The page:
Laugh­ing, not sneer­ing

The Weekend Australian - Review - - Rear View - STEPHEN MATCHETT

IN the hands of writ­ers and crit­ics whose self- right­eous­ness is greater than their sense of hu­mour, com­edy as so­cial com­ment is more about ide­ol­ogy than en­ter­tain­ment. To see the dif­fer­ence be­tween com­edy as class war­fare and mak­ing straight­for­ward fun at hu­man folly, con­sider the work of Christo­pher Guest.

Guest is per­haps best known as the cre­ator of the clas­sic com­edy about an ego- en­hanced, mu­si­cally im­paired and com­mon­sense- des­ti­tute rock band, pre­sented in the form of a doc­u­men­tary, This is Spinal Tap ( 1984).

Since then he has made a se­ries of faux doc­u­men­taries that are as amus­ing as they are sav­age in the pre­sen­ta­tion of hu­man folly and van­ity. And they are very, very amus­ing.

Guest is a Balzac for our age, an ex­traor­di­nar­ily acute ob­server of the hu­man com­edy who takes a slice of life to il­lus­trate the van­ity and lust, am­bi­tion and folly, and ( very) oc­ca­sional acts of gen­eros­ity and com­pas­sion that shape the way we deal with each other.

He fol­lowed Spinal Tap most no­tably with Wait­ing for Guff­man ( 1996), a mock­u­men­tary about a com­mu­nity theatre pro­duc­tion; and, in 2000, Best in Show . This would pass for a real doc­u­men­tary about dog shows if it were not for the char­ac­ters ob­sessed with what their dogs think about their sex lives. Then Guest par­o­died the sur­vivors of the now dis­tant fash­ion for folk mu­sic with A Mighty Wind ( 2003).

Last year he aban­doned the doc­u­men­tary for­mat with For Your Con­sid­er­a­tion, a straight­for­ward so­cial com­edy about job­bing ac­tors mak­ing a mi­nor movie who con­vince them­selves they are con­tenders for Os­car nom­i­na­tions.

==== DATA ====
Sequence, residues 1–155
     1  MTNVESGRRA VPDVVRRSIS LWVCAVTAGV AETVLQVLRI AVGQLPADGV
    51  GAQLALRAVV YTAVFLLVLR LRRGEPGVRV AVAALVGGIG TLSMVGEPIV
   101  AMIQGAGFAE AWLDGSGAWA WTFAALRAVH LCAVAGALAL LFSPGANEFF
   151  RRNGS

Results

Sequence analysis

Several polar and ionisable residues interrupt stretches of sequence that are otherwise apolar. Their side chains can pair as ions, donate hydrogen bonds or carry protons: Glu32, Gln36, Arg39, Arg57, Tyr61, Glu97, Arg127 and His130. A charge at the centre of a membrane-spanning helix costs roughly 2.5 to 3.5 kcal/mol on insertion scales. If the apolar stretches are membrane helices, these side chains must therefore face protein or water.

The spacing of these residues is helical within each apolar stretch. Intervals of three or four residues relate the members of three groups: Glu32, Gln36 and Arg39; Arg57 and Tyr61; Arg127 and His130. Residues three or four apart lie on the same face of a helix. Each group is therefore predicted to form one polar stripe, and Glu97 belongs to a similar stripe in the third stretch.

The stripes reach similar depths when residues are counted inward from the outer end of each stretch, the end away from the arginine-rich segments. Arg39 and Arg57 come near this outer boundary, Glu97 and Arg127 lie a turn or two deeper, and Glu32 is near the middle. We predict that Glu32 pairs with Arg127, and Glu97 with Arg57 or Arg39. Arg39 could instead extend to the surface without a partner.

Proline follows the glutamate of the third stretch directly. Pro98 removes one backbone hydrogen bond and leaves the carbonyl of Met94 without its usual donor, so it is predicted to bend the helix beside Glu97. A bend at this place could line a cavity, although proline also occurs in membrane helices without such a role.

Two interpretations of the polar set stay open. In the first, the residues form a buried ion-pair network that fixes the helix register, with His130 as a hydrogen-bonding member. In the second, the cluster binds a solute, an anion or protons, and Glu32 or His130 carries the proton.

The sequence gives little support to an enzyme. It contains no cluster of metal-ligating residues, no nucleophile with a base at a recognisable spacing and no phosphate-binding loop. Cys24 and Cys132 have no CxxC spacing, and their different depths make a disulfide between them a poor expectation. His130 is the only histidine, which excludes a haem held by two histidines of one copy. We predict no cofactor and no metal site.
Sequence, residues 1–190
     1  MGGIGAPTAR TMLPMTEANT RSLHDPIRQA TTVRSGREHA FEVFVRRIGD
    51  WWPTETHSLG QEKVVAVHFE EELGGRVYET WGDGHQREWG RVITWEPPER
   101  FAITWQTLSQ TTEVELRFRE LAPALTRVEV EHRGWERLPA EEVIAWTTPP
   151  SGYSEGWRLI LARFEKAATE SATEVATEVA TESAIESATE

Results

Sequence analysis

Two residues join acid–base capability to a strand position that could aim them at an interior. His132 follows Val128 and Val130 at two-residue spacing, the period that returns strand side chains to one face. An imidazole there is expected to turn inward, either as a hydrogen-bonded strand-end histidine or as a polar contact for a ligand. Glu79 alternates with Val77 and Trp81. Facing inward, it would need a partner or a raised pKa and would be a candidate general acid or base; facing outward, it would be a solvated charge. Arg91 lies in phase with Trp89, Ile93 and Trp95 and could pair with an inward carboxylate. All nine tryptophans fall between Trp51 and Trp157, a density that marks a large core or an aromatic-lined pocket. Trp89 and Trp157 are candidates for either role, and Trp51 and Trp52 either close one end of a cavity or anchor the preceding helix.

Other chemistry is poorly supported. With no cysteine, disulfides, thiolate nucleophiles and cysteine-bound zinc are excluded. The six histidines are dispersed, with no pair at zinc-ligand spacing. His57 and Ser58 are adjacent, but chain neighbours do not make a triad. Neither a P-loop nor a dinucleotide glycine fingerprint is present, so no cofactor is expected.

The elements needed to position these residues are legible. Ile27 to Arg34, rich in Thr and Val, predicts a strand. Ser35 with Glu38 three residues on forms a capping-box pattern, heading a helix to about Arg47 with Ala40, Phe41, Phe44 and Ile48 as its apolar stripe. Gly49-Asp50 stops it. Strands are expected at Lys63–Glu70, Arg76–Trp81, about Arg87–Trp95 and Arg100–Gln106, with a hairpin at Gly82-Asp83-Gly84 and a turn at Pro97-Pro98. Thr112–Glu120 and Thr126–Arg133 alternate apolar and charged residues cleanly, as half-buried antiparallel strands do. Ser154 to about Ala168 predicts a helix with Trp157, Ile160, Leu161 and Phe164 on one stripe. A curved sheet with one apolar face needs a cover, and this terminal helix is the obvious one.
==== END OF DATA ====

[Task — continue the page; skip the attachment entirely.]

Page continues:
Guest’s films are cor­us­cat­ingly cruel in the way they cap­ture hu­man na­ture. But there is a great deal of dif­fer­ence be­tween what he does and elit­ist com­edy such as ABC television’s The Glass House , where pan­el­lists made jokes about style- free con­ser­va­tives that their au­di­ence shared, less out of amuse­ment than a sense of shared su­pe­ri­or­ity. Hav­ing lost about ev­ery po­lit­i­cal fight they have got them­selves into dur­ing the past 20 years, the cul­tural Left long ago started de­nounc­ing the elec­torate for vot­ing for the two main par­ties in­stead of the Greens or that other mob — name starts with D — that used to be a power in the Se­nate.

The ar­gu­ment is ob­vi­ous, if asi­nine. The Howard Gov­ern­ment is so aw­ful, only racists or id­iots could vote for it, and its suc­cess in the pre­vi­ous two elec­tions demon­strates that Aus­tralia has de­gen­er­ated into a na­tion ruled by the whims of fools.

Co­me­di­ans and cabaret artists per­form­ing in in­ner- city the­atres and bars, rather than sub­ur­ban clubs and pubs, know that or­di­nary Aus­tralians are fair game. As a blog­ger in The Age news­pa­per put it in April, ‘‘ Main­stream Aus­tralia is a na­tion of un­re­fined, un­so­phis­ti­cated, beer and chardon­nay swelling yob­bos and yobbesses whose lives re­volve around the footy. We per­ceive Dave Hughes and Glenn Rob­bins as re­flec­tions of our­selves and re­late to their ‘ hu­mour’; I use the word loosely here.’’